More than 100 years ago it was predicted that the distribution of first digits of real world observations would not be uniform, but instead follow a trend where measurements with lower first digit (1,2,...) occur more frequently than those with higher first digits (...,8,9). This idea was first described by an astronomer, Simon Newcomb in 1881. Newcomb noticed that the pages of logarithm tables were more thumbed for low digits than higher ones. He argued that this was because scientists had more need to look up logs of real numbers with smaller first digit than larger. He produced a mathematical formula predicting the distribution of first digits. The result has long been regarded as a mere mathematical curiosity and largely ignored across the sciences. It was rediscovered in 1938 by an engineer called Benford. Despite a waning of interest the latter name is now associated with the first digit law.

Our new study shows that Benford's first digit rule is a natural phenomenon which is likely to hold universally. We test 15 sets of modern observations drawn from the fields of Physics, Astronomy, Geophysics, Chemistry, Engineering and Mathematics, and show that Benford's law holds for them all. The data sets used in our study consist of more than 750 000 values which vary over 19 orders of magnitude and differ in origin, type and physical dimension. These include the rotation frequencies of pulsars; green-house gas emissions, the masses of exoplanets; as well as numbers of infectious diseases reported to the World Health Organization.

Figure 1 shows predictions of the occurrence frequency of first digits according to Benford's Law together with digit distributions of three of our data sets. A particular focus of our study has been Earth Science observations and here we have shown that the first digit rule applies to the strength as well as timing of reversals of the Earth's geomagnetic field, seismic tomographic models of the Earth's elastic properties and the depth distribution of Earthquakes.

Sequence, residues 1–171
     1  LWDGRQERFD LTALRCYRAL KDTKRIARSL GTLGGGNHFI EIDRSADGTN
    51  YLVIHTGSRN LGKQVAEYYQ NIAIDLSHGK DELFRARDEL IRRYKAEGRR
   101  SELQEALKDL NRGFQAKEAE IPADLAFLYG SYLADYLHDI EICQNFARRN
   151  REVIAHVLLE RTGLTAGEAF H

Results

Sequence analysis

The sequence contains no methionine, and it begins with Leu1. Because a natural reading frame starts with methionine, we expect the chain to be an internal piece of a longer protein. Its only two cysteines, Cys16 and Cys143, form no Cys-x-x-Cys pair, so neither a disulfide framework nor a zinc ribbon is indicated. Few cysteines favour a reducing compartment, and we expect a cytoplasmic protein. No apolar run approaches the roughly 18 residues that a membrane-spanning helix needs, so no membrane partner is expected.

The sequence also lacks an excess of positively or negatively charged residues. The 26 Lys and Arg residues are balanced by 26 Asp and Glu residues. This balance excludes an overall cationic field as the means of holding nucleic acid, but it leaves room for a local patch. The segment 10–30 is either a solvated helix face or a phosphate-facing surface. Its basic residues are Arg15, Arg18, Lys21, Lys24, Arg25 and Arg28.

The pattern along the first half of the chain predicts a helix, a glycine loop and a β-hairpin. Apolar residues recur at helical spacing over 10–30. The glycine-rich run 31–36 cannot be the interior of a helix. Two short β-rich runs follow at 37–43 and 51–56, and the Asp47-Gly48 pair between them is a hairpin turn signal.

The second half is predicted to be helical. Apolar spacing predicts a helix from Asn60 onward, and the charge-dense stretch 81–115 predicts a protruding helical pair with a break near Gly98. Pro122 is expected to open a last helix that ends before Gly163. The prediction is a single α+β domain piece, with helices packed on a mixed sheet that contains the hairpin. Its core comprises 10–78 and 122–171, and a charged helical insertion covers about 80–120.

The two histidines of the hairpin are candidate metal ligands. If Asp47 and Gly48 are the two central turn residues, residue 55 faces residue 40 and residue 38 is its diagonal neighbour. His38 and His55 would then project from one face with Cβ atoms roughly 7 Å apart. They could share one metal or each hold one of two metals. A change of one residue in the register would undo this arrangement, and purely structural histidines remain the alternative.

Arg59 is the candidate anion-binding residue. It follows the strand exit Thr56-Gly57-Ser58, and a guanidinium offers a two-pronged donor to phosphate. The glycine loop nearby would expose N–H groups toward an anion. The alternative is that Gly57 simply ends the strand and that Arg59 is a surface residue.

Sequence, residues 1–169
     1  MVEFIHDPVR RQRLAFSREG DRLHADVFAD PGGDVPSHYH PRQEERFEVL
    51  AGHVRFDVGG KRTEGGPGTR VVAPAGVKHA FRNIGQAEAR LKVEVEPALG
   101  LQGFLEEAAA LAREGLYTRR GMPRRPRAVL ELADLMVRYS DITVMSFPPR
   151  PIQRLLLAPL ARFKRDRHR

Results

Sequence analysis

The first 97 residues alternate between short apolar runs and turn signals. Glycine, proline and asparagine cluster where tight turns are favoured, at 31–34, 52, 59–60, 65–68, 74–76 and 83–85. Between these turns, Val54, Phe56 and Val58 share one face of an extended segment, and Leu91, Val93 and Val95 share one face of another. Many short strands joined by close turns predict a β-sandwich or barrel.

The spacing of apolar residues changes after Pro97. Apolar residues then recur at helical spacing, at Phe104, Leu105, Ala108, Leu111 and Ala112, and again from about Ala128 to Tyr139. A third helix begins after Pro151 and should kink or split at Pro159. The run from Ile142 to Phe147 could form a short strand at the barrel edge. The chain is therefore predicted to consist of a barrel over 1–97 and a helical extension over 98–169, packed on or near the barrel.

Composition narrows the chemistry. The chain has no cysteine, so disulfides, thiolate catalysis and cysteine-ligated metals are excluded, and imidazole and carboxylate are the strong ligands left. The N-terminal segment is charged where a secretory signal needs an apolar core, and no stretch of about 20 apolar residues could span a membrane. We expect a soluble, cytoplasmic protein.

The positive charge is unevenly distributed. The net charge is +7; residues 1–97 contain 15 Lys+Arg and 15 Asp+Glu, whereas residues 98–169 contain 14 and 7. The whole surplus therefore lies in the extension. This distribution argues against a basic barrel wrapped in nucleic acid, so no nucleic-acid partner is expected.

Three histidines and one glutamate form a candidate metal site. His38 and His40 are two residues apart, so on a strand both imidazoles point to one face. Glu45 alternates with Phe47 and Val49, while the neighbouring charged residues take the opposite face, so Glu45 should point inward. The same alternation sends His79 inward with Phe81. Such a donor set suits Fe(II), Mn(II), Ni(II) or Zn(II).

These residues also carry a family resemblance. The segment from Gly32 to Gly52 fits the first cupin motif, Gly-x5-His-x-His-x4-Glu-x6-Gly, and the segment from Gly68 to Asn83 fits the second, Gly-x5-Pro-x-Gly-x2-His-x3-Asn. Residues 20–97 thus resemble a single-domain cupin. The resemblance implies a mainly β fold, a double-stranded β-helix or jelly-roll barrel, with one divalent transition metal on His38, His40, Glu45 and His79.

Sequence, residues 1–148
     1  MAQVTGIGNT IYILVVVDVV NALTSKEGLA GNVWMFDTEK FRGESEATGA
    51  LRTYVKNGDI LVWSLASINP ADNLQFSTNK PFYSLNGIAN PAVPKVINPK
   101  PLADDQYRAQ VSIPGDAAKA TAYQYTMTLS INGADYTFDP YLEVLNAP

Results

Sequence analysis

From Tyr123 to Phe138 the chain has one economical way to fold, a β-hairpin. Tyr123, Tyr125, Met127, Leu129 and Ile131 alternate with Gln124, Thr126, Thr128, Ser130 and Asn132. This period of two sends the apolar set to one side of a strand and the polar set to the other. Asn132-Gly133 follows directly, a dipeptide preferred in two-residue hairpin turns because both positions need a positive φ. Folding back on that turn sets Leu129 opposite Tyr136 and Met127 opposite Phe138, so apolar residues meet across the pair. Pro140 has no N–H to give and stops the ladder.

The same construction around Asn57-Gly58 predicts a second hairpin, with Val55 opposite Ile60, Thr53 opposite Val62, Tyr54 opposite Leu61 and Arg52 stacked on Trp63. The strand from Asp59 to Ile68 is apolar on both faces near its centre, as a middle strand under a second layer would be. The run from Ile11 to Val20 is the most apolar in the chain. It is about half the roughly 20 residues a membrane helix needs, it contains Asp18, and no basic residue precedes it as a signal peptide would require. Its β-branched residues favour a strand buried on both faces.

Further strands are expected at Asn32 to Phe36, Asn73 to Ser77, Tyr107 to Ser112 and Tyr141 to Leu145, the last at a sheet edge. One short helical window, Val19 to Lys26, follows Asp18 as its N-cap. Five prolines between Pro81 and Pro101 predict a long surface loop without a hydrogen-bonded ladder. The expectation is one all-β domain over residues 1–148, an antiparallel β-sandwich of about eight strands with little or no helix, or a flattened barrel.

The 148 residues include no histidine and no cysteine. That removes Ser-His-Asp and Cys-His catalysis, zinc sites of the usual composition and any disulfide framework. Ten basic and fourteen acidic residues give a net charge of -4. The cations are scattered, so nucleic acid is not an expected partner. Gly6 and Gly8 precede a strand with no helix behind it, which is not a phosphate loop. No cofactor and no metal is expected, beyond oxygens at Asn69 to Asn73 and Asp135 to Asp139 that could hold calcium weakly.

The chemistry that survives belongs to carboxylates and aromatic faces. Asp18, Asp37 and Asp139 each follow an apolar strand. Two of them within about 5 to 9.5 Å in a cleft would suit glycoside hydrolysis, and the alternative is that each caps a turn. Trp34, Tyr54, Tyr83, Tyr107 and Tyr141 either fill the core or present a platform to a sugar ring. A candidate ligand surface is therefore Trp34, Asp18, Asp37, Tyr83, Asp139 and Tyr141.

Our results suggest that Benford's Law is a universal feature for data sets with sufficient dynamic range raising the question of how it might be exploited. Use in a forensic mode, e.g. to detect fraud or rounding errors, is possible by simply looking for departures in the frequencies of individual digits. There have been previous applications of this type to detect fraud in financial data. A more intriguing question is whether it can be used to detect signals in contrast to background noise, e.g. in time series data such as seismic signals.

Figure 2 shows an example of how seismic energy from an earthquake follows Benford's law which means that earthquakes can be automatically detected from just the first digit distribution of displacement counts on a seismometer. Our study led to the first ever detection of an anomalous seismic disturbance (assumed to be a small local Canberra earthquake) using first digit information alone.

We have also managed to extend the mathematical description of Benford's law to account for situations where the range of observables is arbitrary. As awareness of this novel phenomenon grows across the natural sciences we expect new applications will appear, one possibility is in checking the realism of computer simulations of complex physical processes, such as in the climate or oceans. If the natural processes are known to possess the first digit property then any computer simulation of that phenomenon should do also. Another is in the detection of rounding errors or other anomalous signals in data. We hope this work will encourage others to look at their digits more closely.